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India’s Progress in TB Control


Recently World Health Organization released its Global TB Report 2023.


GS II: Health

Dimensions of the Article:

  1. Key Highlights of India’s Progress in TB Control
  2. Tuberculosis

Key Highlights of India’s Progress in TB Control:

  • Improved Case Detection: India has made significant progress in improving case detection for tuberculosis (TB). The treatment coverage has increased to 80% of estimated TB cases, representing a 19% increase from the previous year.
  • Reduction in TB Incidence: India has managed to reduce TB incidence by 16% in 2022 compared to 2015. This reduction is nearly double the global rate of TB incidence decline, which stands at 8.7%.
  • Decline in TB Mortality: Both India and the global TB mortality rates have decreased by 18% during the same period. The World Health Organization (WHO) revised the TB mortality rates for India, reducing them by over 34%, from 4.94 lakhs in 2021 to 3.31 lakhs in 2022.
  • Collaboration with WHO: India and the WHO collaborated extensively to refine and finalize the data, involving over 50 meetings between technical teams. The data included evidence generated within the country, mathematical modeling, and information from the Ni-kshay portal, which tracks the treatment course of TB patients.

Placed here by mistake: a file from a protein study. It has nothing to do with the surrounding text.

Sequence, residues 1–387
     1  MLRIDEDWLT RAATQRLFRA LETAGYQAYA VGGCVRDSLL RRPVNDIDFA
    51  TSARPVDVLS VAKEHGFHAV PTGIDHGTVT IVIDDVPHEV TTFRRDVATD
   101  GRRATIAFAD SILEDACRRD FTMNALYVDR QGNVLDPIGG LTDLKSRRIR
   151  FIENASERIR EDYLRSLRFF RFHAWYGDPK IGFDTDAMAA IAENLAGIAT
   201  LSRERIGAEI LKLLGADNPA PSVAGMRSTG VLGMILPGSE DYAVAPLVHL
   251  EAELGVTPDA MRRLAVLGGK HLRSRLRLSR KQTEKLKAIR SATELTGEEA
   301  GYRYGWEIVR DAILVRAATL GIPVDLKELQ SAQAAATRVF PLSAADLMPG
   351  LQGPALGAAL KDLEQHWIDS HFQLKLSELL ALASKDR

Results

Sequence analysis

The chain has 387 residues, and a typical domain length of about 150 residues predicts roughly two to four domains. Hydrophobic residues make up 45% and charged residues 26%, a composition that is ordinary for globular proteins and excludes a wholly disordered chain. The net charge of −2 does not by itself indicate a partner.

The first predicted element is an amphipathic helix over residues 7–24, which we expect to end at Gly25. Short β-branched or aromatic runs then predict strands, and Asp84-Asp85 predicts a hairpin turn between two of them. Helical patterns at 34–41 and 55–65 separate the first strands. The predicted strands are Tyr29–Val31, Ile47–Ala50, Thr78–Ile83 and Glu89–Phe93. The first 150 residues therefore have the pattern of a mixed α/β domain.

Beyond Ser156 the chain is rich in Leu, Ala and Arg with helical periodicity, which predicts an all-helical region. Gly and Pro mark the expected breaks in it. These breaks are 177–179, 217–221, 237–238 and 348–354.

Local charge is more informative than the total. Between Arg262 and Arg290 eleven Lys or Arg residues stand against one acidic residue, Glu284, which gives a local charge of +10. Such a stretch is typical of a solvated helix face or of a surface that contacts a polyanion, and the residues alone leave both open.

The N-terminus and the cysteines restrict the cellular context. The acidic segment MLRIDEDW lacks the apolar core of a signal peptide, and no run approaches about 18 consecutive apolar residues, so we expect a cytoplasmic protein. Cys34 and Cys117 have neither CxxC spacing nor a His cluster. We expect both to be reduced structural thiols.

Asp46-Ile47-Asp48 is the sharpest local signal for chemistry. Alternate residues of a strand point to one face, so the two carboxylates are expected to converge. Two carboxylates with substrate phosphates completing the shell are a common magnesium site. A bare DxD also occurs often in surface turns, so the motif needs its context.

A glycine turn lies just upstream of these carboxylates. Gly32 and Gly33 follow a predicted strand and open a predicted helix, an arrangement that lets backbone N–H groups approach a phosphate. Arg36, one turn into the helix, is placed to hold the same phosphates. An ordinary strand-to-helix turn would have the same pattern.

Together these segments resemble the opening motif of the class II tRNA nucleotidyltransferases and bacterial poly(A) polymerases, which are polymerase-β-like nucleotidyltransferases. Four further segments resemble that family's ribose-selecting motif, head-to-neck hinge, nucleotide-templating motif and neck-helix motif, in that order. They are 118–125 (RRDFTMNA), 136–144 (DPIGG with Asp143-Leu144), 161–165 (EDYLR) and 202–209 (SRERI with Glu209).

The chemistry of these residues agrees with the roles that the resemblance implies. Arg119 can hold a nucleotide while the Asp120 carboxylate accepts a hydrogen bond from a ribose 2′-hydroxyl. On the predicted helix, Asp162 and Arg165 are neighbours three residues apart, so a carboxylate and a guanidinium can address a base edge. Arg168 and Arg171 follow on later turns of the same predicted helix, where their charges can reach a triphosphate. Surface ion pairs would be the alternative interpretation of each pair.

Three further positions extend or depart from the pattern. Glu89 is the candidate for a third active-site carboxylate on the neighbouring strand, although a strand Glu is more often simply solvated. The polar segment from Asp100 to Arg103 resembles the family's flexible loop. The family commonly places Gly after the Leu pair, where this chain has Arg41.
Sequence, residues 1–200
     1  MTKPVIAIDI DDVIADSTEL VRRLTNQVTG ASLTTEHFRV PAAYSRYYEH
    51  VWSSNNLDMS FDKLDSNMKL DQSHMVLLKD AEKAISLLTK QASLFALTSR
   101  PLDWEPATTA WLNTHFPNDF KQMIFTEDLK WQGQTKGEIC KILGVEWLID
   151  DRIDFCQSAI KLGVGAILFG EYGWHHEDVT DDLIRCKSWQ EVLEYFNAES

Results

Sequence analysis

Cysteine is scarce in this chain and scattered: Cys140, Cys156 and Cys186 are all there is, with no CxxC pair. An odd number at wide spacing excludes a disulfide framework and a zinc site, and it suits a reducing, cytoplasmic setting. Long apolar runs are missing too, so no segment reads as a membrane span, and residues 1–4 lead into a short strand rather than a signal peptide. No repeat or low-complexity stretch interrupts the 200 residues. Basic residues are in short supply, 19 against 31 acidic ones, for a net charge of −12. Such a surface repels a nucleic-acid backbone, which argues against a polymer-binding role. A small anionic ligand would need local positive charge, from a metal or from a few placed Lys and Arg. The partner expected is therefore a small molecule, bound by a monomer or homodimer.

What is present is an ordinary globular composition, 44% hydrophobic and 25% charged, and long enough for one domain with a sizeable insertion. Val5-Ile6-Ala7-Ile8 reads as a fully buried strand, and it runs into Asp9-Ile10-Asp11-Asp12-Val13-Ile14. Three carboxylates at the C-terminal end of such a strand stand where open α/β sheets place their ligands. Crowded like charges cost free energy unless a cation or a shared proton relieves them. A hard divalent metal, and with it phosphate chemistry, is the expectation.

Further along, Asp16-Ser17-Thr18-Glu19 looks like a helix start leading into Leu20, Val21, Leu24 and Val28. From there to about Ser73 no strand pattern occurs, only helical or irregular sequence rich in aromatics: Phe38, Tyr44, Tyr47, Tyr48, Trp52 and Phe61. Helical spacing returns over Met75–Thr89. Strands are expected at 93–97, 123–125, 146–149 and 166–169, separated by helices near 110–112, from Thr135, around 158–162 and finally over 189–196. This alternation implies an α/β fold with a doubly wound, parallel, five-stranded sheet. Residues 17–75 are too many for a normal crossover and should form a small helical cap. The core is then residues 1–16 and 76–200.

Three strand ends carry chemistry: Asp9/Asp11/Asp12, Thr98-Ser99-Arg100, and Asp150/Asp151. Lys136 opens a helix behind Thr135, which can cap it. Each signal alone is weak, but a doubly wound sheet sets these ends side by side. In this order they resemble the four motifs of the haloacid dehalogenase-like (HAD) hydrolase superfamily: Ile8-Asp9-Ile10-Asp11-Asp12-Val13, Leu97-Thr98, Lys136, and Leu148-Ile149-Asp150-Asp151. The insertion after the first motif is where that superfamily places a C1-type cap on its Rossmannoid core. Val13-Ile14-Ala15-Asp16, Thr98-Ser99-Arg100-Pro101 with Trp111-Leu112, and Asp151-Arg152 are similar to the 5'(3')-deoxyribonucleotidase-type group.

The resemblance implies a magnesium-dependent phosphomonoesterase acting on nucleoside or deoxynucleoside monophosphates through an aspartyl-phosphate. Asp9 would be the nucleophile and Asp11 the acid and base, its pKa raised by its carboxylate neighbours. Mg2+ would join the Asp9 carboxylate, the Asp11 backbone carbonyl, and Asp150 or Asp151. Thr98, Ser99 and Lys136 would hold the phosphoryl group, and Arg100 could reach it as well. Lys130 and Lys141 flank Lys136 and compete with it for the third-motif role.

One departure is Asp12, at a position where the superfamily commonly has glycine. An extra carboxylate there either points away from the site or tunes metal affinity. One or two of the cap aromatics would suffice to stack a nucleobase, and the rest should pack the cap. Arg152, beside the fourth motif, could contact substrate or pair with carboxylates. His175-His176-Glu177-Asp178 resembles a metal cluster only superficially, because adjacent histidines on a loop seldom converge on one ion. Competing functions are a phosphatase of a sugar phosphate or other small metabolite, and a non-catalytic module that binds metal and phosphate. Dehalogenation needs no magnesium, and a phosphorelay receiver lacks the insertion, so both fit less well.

• Intensified Case Detection Strategies: India’s intensified case detection strategies led to the highest-ever notification of TB cases in 2022, with over 24.22 lakh cases reported, surpassing pre-COVID levels. Active case finding drives, molecular diagnostics scaling, decentralization of screening services, and private sector engagement have contributed to bridging the gap in missing cases.
  • Pradhan Mantri TB Mukt Bharat Abhiyan: This initiative has garnered a tremendous response, with over 1 lakh Ni-kshay Mitras adopting more than 11 lakh TB patients. The Ni-kshay Poshan Yojana has disbursed about Rs 2613 crore to over 95 lakh TB patients since its launch in 2018. New patient-centric initiatives, such as the Family Care Giver Model and Differentiated Care, aim to reduce mortality and improve treatment success rates.
  • Investment in TB Elimination: India has demonstrated a commitment to prioritize TB elimination efforts by investing additional resources in the National TB Elimination Programme under the National Health Mission.


  • TB remains the world’s deadliest infectious killer.
  • Each day, over 4000 people lose their lives to TB and close to 30,000 people fall ill with this preventable and curable disease
  • TB is caused by bacteria (Mycobacterium tuberculosis) that most often affect the lungs.
  • Transmission: TB is spread from person to person through the air. When people with TB cough, sneeze or spit, they propel the TB germs into the air.
  • Symptoms: Cough with sputum and blood at times, chest pains, weakness, weight loss, fever and night sweats.
  • Treatment: TB is a treatable and curable disease. It is treated with a standard 6 month course of 4 antimicrobial drugs that are provided with information, supervision and support to the patient by a health worker or trained volunteer.
  • Anti-TB medicines have been used for decades and strains that are resistant to 1 or more of the medicines have been documented in every country surveyed.
  • Multidrug-resistant tuberculosis (MDR-TB) is a form of TB caused by bacteria that do not respond to isoniazid and rifampicin, the 2 most powerful, first-line anti-TB drugs. MDR-TB is treatable and curable by using second-line drugs.
  • Extensively drug-resistant TB (XDR-TB) is a more serious form of MDR-TB caused by bacteria that do not respond to the most effective second-line anti-TB drugs, often leaving patients without any further treatment options

December 2023